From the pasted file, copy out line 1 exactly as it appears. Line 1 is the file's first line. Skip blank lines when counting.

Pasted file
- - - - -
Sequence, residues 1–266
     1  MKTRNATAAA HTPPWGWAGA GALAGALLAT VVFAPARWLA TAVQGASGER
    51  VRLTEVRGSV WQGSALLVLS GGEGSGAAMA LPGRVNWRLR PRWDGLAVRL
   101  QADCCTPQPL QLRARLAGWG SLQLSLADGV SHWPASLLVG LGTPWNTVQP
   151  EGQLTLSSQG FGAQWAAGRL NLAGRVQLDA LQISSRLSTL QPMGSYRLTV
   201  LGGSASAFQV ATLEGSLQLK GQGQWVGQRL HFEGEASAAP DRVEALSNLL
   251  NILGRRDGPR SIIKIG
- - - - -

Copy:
Sequence, residues 1–266